I was trying to compress a folder into .tar format.

The folder size is around 76 MB.

Suppose I want to compress the folder myfolder to my-compressed-folder (in tar format)

I tried 2 approaches:

1) In the terminal, I executed:

tar -cjvf my-compressed-folder myfolder

The size of .tar by this method is 23 MB

2) On using the in-built Compress after right clicking on myfolder & choosing the .tar.xz, the size of .tar is around 17 MB.

I have 2 doubts:

1) How is there so much size difference in the 2 compressed files in same (.tar) format?

2) Is there any Linux command by which I can create compressed .tar files with the compression ratio same as the in-built Compress feature of Ubuntu?

My system details are as follows:

Ubuntu Desktop
Version 18.04.4 LTS (64-bit)
  • Doesn't the -j option of tar produce a bzip2 compressed file? if you want an apples to apples comparison to the xz file, you should use -J I think? May 11, 2020 at 17:40
  • @K7AAY I have added the Ubuntu system details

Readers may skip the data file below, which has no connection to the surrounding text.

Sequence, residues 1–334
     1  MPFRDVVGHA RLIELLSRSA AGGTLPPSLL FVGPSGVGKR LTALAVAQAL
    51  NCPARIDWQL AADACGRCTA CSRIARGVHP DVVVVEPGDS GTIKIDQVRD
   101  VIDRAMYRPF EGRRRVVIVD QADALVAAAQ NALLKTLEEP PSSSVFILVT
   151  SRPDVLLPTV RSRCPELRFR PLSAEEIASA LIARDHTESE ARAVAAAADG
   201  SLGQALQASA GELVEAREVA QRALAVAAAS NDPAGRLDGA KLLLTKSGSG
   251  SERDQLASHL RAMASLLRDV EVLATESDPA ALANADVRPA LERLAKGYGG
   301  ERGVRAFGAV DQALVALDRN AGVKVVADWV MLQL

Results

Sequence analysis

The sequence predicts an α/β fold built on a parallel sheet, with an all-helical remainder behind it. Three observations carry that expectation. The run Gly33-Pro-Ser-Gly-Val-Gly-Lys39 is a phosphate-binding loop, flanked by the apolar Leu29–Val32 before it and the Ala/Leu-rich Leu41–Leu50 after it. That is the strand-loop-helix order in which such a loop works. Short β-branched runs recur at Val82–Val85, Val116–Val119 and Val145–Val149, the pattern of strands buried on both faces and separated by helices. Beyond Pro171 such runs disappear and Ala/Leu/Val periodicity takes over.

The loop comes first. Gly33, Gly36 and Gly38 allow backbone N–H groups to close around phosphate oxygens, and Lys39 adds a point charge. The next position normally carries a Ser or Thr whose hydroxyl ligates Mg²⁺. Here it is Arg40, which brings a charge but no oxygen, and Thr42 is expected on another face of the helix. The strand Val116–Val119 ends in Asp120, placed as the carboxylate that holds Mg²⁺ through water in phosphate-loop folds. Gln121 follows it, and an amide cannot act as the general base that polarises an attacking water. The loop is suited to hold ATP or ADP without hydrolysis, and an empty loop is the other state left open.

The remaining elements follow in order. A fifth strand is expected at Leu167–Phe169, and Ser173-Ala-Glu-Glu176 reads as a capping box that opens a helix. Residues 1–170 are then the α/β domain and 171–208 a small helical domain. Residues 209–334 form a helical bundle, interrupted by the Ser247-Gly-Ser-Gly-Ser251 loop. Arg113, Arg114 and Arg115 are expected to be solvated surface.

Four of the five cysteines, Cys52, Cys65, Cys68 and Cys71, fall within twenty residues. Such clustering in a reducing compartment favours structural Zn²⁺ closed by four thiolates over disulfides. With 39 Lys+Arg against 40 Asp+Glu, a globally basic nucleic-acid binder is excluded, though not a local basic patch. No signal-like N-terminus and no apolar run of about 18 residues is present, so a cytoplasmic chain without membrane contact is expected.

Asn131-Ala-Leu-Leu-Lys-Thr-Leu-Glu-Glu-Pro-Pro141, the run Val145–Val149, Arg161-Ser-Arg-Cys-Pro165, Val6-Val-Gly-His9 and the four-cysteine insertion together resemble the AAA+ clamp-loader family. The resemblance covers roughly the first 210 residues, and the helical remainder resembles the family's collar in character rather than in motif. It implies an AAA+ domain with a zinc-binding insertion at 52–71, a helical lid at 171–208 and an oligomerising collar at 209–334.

– dashthird
    May 11, 2020 at 17:56
  • @steeldriver would try that now & update you shortly
    – dashthird
    May 11, 2020 at 17:57
  • @steeldriver Thanks! tar -cJvf worked :) How may I mark your comment as the answer?
    – dashthird
    May 11, 2020 at 18:02
  • I have added a brief answer below May 11, 2020 at 18:06

1 Answer 1


From man tar:

   -j, --bzip2
          Filter the archive through bzip2(1).

   -J, --xz
          Filter the archive through xz(1).

so your command tar -cjvf my-compressed-folder myfolder created a bzip2-compressed archive rather than an xz-compressed archive.

For an apples-to-apples comparison with the tar.xz file that you created from the file manager, you should use tar -cJvf my-compressed-folder myfolder.

  • Thanks once again! I thought they both (j and J) would work same like other options in many other Linux commands, but I was wrong
    – dashthird
    May 11, 2020 at 18:07

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